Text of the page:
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  • Jason Andersen

Recalling the Reality of the Resurrection

For I delivered to you as of first importance what I also received: that Christ died for our sins in accordance with the Scriptures, that he was buried, that he was raised on the third day in accordance with the Scriptures, and that he appeared to Cephas, then to the twelve. Then he appeared to more than five hundred brothers at one time, most of whom are still alive, though some have fallen asleep… And if Christ has not been raised, your faith is futile and you are still in your sins. Then those also who have fallen asleep in Christ have perished. If in Christ we have hope in this life only, we are of all people most to be pitied. But in fact Christ has been raised from the dead, the firstfruits of those who have fallen asleep. For as by a man came death, by a man has come also the resurrection of the dead.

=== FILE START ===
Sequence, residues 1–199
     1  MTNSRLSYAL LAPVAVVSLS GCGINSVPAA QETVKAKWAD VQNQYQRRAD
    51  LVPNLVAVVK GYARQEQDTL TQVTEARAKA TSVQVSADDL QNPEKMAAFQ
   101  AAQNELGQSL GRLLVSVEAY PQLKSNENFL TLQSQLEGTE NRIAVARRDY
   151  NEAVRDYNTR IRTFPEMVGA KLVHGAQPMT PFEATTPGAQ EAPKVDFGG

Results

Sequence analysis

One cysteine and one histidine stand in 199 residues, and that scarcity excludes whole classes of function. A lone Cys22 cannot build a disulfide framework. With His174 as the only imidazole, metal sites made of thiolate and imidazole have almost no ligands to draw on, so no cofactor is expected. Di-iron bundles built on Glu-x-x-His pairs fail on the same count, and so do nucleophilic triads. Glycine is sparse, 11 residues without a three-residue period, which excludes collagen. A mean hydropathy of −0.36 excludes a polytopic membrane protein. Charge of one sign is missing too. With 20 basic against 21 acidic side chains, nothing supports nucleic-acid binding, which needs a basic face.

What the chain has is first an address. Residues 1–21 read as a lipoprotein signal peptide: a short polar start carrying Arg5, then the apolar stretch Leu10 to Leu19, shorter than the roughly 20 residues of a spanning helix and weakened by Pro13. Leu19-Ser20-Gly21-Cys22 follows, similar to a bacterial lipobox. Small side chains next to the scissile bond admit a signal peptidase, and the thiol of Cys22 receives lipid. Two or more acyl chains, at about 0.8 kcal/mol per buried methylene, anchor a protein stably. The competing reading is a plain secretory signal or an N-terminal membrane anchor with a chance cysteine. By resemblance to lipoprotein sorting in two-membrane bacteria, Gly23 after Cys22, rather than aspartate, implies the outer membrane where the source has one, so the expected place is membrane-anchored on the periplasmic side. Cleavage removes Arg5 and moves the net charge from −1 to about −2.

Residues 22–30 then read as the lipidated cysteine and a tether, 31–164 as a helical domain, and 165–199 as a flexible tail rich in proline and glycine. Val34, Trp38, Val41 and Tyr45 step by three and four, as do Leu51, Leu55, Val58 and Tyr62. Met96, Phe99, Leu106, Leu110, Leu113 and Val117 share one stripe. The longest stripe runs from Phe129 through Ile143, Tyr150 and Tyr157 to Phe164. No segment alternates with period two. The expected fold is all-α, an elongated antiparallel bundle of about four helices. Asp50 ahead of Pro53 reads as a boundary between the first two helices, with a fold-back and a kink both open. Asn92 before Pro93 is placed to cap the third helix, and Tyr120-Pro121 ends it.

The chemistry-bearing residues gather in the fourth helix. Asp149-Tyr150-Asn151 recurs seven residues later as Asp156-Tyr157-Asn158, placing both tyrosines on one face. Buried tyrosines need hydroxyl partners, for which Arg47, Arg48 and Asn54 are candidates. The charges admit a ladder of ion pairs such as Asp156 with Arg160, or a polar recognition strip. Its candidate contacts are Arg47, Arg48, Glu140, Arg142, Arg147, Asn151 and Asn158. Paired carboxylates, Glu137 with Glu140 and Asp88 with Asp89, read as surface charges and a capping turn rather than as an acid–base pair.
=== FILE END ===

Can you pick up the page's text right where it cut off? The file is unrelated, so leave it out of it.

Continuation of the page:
1 Corinthians 15:3–6, 17-21

The first death expels the soul from the body against its will. The second death holds the soul in the body against its will. The two deaths have the common fact that the soul suffers against its will because of its connexion with the body.

City of God, XXI.3, Augustine